Published on: December 28, 2018
Many times smaller associations allow for each Unit Owner to be a Trustee and when the number of owners/trustees is two or four invariably there will be instances where the trustees’ votes are split and the question becomes what happens then? Typically in these situations the condominium’s governing documents (Master Deed, Declaration of Trust, Bylaws, etc.) will require either a unanimous vote (say 2-0) or a majority vote (3-1) for the trustees to act, which can lead to trouble when half of the trustees want to do something that the other half won’t approve. At times a party may decide that they are going to do something that is contrary to the governing documents with the mindset that because the trustees’ votes are split the trust cannot act to enforce the rules against a violating party. Having this mindset can be a costly mistake.
Recently, we were contacted by two trustees of a four Unit Association where each Unit Owner was a Trustee. In this particular Condominium each Unit had their own yard area, which they had the exclusive right to use. The Condominium’s governing documents allowed for a Unit Owner to build a shed in this yard area, but only upon obtaining the written approval of the Trustees prior to doing so. Here, one Unit Owner/Trustee wanted to build a shed, and another Owner/Trustee supported this request. However, the other two Unit Owners/Trustees were not in favor of this request and sought additional information concerning this proposed shed. After several months of back and forth concerning the shed and its proposed design and location the votes remained split, 2-2. The shed requesting Unit Owner, then opted to take matters into its own hands and simply built the shed despite the fact that he had not received written approval from the Trustees. At point the shed opposing trustees were left in a difficult decision as while the building of the shed was not approved, the vote as to whether the Condominium Trust should take action against the Shed Owner was also tied at 2.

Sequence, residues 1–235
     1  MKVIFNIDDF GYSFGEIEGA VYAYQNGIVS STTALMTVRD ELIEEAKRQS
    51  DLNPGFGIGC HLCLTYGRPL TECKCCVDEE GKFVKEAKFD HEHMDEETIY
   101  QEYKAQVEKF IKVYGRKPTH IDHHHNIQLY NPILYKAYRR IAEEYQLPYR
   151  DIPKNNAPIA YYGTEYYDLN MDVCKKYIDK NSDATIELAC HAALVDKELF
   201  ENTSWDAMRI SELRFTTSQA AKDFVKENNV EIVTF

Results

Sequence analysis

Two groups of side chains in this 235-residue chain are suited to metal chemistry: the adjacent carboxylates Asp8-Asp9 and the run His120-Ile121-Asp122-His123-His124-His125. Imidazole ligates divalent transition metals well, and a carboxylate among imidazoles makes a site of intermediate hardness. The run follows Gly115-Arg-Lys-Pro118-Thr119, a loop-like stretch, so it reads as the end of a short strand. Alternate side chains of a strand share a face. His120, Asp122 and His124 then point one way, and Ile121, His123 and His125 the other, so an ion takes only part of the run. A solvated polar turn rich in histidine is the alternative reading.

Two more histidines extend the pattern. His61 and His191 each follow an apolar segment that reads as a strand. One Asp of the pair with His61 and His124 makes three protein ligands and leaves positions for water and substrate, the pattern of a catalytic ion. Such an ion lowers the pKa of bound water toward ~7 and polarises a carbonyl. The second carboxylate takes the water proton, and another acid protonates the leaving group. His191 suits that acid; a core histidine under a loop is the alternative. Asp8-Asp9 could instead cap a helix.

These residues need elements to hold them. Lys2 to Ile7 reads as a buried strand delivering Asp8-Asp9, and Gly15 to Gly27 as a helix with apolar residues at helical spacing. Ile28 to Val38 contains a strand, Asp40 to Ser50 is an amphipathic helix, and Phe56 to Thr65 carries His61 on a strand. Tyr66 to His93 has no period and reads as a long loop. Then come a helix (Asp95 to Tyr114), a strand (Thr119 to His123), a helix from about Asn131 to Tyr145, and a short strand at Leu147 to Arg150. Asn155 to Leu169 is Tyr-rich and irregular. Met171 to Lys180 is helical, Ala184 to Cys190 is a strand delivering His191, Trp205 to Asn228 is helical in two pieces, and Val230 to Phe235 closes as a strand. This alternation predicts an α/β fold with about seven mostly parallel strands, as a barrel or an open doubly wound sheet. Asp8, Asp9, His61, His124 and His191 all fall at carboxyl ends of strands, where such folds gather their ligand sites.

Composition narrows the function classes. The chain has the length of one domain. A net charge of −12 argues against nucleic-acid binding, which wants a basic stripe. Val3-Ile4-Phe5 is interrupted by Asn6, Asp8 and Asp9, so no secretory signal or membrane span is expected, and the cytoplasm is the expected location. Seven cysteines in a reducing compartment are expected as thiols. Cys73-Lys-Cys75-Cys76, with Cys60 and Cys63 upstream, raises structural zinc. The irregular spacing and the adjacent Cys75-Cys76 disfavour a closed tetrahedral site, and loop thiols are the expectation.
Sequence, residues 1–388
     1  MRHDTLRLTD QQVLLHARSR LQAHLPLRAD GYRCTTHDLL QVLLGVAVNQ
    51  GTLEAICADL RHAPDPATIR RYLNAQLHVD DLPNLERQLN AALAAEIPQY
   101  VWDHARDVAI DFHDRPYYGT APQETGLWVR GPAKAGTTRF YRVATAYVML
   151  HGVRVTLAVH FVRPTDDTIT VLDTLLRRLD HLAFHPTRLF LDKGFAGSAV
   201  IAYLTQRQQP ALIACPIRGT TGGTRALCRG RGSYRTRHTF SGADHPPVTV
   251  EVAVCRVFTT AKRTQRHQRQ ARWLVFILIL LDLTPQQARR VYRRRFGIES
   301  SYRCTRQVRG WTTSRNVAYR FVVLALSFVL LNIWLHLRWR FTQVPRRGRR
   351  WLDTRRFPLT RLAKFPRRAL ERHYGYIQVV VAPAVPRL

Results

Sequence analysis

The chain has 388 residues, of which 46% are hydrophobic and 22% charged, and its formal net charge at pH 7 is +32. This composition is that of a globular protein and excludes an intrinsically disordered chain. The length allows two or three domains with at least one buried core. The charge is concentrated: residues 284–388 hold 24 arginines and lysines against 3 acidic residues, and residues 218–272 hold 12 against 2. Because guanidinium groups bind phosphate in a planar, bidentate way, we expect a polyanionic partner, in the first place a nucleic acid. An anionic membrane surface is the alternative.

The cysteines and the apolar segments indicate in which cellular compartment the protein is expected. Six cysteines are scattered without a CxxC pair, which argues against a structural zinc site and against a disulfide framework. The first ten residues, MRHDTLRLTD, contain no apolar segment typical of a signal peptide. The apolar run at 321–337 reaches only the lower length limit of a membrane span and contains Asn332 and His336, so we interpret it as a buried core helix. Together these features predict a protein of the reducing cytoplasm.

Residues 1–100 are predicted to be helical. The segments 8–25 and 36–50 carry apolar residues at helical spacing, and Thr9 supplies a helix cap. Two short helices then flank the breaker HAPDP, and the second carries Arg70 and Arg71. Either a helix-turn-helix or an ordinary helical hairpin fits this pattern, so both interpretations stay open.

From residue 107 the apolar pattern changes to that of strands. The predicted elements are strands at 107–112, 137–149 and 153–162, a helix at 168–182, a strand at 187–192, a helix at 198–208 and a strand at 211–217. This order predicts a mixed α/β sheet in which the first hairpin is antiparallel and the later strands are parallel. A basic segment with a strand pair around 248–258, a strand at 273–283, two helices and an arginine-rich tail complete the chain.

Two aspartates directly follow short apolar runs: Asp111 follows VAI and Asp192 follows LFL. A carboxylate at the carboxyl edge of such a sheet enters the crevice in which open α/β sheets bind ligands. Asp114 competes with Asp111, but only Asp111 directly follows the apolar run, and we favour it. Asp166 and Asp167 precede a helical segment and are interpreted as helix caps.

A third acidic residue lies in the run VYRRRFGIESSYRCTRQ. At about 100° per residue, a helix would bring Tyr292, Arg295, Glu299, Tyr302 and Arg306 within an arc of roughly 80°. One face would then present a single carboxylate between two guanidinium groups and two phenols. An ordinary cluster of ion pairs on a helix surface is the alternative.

From here, we filed suit on behalf of the Condominium Trust through the shed opposing Unit Owner/Trustees, in what is referred to as a derivative suit, which allows for a non-majority of the trustees to file suit and enforce the condominium’s rules and regulations when the majority of the trustees fail to do so. One of the key elements of filing a derivative action is that it simply places the non-majority trustees in the shoes of the condominium trust if it was acting on behalf of the entire board and allows for the same recovery as the condominium trust. In Calvao v. Raspallo, 92 Mass.App.Ct. 350 (350), the Massachusetts Appeals Court indicated that this includes the ability to recover attorney’s fees and costs incurred in enforcing the condominium trust’s rules.
In the shed case, faced with an upcoming trial date the shed requesting Unit Owner/Trustee elected to voluntarily remove the shed to avoid the likely consequences at Trial. However, the shed opposing Unit Owner/Trustees sought the recovery of the attorney’s fees and costs they incurred in bring the lawsuit and in relying on the Calvao, case referred to above the Judge awarded approximately $15,000.00 in attorney’s fees and costs against the shed building Unit Owner/Trustee.
In the end, the shed building Unit Owner/Trustee had to incur the costs of building the shed, removing the shed and pay for attorney’s fees and costs relating to building the shed without meeting the requirements referred to in the condominium’s governing documents. Derivative actions allow a non-majority of a condominium’s trustees to act to enforce the condominium’s documents even when they do not have the numbers to enforce the association’s rules and regulations and gives them all of the power the association would have if the full board was acting. These actions are particular important in smaller associations with an even number of trustees where ties are more likely to occur.
For any questions regarding this article please contact Norm Orban at email@example.com.